There were some additional travelers beyond the circus, and by and large the Dead Man noticed them less because they didn’t annoy him. He’d been raised immune to the peculiarities of nobility and the wealthy, and the rest of his charges comprised two merchants, a man who claimed to be a merchant and was probably a smuggler, a minor Song prince and his entourage, a minor Uthman bey and his entourage, and a noblewoman from Ctesifon traveling to be married in the Lotus Kingdoms—or, as the locals called them, Sarath-Sahal or Sahal-Sarat, depending on which of the two major local dialects you were dealing with.

The noblewoman had only a maid and two guards and largely kept to herself, as was proper. The bey was walking; the Song prince was being carried, for the nonce, in a small collapsible sedan chair. It looked less comfortable than walking, given how his attendants lurched and struggled with the ice and snow.

Well, these people were the Dead Man’s responsibility, all. No matter how he felt about them.

He would get them to the Lotus Kingdoms hale and hearty, as was proper. He’d only failed a charge of protection once in all his life, so he allowed himself a brief moment of acknowledgment as to how he might be good at it. Then he commenced again to climb.

He wasn’t alone in that chain of thought. Above, roustabouts called encouragement to the trudging passengers, and what passed for rough reassurances: “We’ve climbed this pass every year since the Rasan revolution! We haven’t killed a whole caravan yet!”

They were having a little fun at the passengers’ expense. The Dead Man was sure that that was all.

The Dead Man turned his head once more, scanning the bright peaks and the knife-cut, shadowed canyons. Earning his pay, even though he didn’t expect to be needed. There was that prickly premonition, sure. But it didn’t always mean anything. And it didn’t always come when it could be useful, either.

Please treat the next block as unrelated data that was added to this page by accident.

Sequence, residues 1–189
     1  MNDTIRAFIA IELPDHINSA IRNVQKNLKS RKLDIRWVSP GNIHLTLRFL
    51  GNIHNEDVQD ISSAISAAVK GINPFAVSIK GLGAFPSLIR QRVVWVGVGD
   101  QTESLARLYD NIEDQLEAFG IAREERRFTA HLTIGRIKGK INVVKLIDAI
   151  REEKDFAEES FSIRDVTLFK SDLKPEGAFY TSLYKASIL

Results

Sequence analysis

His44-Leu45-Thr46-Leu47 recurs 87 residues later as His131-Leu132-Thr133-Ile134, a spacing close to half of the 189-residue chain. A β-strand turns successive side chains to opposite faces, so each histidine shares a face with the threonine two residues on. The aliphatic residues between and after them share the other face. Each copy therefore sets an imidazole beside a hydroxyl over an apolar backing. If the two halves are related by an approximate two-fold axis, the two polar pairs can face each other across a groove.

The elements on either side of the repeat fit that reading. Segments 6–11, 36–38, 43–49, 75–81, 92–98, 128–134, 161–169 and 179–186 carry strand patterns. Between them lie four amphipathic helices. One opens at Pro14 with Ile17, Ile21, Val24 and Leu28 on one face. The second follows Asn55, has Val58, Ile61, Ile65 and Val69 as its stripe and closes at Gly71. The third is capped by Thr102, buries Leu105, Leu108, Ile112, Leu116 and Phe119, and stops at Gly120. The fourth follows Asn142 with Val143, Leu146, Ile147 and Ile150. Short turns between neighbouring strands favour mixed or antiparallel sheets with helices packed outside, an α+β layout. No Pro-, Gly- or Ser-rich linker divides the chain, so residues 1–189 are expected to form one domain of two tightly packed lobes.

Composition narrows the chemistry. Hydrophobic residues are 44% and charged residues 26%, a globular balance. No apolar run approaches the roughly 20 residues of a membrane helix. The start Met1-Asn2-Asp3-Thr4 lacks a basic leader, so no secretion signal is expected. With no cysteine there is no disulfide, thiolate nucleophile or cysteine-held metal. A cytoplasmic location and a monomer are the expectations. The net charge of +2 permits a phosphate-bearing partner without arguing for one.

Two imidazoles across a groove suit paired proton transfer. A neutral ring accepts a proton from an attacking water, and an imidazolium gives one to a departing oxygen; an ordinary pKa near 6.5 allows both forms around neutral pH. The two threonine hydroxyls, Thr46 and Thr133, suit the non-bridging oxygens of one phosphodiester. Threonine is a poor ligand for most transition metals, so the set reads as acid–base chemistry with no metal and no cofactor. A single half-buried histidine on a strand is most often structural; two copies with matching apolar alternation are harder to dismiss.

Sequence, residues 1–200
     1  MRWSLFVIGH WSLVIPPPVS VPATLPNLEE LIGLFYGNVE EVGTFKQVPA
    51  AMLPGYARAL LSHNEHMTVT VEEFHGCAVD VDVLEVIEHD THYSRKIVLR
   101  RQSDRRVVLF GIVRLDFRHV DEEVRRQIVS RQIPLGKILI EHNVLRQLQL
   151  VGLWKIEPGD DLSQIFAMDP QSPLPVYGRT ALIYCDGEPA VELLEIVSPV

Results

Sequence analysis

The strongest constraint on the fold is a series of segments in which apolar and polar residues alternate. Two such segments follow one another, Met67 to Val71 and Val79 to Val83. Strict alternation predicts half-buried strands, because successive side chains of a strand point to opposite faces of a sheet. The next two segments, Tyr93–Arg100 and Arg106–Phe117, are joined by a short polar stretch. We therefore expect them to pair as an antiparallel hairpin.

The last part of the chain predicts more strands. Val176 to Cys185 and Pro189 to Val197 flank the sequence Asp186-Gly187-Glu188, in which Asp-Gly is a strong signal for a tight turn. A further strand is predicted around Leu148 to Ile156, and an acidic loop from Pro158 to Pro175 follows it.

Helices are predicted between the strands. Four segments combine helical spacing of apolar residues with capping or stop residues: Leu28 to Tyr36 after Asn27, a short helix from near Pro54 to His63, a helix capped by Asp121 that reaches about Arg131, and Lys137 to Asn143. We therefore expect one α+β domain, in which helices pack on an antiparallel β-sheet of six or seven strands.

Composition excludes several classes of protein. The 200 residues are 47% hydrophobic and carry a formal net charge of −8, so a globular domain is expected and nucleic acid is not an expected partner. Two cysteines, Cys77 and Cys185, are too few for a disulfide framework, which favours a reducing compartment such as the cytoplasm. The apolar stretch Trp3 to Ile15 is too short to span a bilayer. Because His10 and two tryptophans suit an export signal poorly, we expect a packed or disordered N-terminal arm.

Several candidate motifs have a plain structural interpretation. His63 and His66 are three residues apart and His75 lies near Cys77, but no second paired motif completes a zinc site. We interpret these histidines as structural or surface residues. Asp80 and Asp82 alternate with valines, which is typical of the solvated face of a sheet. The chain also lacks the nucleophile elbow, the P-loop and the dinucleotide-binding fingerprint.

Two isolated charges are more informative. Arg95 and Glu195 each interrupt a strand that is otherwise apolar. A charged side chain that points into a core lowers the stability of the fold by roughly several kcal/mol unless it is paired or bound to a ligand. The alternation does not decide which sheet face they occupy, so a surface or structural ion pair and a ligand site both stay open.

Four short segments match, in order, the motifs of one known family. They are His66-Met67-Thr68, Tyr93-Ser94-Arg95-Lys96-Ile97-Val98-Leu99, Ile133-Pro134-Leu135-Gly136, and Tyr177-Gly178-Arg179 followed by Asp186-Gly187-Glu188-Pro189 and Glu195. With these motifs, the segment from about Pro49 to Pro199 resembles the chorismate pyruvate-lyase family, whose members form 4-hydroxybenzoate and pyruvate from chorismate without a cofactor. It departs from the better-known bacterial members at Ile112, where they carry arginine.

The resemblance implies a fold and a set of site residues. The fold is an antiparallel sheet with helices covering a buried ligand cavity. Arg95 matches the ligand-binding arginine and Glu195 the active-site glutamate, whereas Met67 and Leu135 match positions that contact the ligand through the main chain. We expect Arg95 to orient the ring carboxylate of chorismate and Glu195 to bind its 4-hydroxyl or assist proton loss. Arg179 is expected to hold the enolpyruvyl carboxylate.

There was nothing in this life that you could count on. Not even the intervention of the devoutly worshipped divine.

The Dead Man didn’t expect bandits. This would be a damned fine place to starve in the winter, if you were a bandit. Once snow closed the pass, nothing would be getting through for months. No caravans to rob would mean no source of food, with predictable results. But there were other dangers.

He saw the plume of snow burst into the air from the slope above before anyone else except for possibly—possibly—the Gage. He saw the sinuous shape slide into flight from the cover of the drifts above and he saw the frozen veils thrown wide as wings snapped out, particles turning, turning, glittering in the painful light. His eye took in the long neck, the fluted tail stretched rigid to counterbalance as the ice-wyrm took wing.

As a swordsman of decades of experience, his professional opinion rapidly concluded that a saber wasn’t worth a damned thing under these circumstances.

The Dead Man reached for his gun.

Bright sun shining through translucent wings picked out the colors of snow, silver, ivory, palest dove in twining patterns like intermingled veins, like the reaching branches of bare trees. Light glazed the swift form, stark against a transparent welkin. Then the shadow fell over the caravan, and the sound reached them—not the roar or shriek the Dead Man had anticipated, but just an echoing hiss.

Heads turned. People and livestock froze as if they were mice in the shadow of a hawk. The Dead Man heard one teamster curse, low and fluently, just loud enough to carry in the still air, over the echoing ice.

The wyrm turned, an impossible writhing, a flick of its wings and a reversal within its own length as eloquent as any darting trout within its stream. The wyrm passed over them, low and contemplative, so close the Dead Man felt the wind of its wings and saw the glacial, crystalline eye. The thing was as long from nose to tail as a seagoing vessel, though not as big as a dragon. Its perusal minded him of a sultan idly considering a banquet, wondering with which sweetmeat he should begin.